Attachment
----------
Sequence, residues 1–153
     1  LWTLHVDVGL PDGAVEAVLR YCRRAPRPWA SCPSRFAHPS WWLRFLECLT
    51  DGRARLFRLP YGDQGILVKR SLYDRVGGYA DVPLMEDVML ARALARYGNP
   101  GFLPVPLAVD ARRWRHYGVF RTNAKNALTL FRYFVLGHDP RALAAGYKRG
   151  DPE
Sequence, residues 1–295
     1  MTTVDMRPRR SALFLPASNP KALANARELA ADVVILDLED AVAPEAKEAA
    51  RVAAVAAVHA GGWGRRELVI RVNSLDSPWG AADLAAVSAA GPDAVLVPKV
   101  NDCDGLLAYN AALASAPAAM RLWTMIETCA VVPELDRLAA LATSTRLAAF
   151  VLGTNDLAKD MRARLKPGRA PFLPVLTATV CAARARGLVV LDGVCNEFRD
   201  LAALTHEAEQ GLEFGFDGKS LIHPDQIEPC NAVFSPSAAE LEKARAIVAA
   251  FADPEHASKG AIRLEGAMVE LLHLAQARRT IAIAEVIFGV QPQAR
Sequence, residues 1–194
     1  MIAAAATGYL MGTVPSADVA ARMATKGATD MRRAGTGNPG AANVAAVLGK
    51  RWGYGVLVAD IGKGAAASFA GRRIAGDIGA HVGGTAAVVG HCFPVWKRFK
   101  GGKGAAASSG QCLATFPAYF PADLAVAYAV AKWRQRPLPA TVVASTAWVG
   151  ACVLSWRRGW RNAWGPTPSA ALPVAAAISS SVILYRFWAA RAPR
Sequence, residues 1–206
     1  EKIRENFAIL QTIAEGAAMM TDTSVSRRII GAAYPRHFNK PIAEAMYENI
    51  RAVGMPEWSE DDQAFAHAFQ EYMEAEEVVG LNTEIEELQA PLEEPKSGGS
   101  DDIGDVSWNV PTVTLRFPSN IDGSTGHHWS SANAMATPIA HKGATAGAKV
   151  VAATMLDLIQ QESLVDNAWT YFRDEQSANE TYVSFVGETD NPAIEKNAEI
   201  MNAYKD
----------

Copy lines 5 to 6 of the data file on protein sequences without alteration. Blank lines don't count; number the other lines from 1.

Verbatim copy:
   151  DPE
Sequence, residues 1–295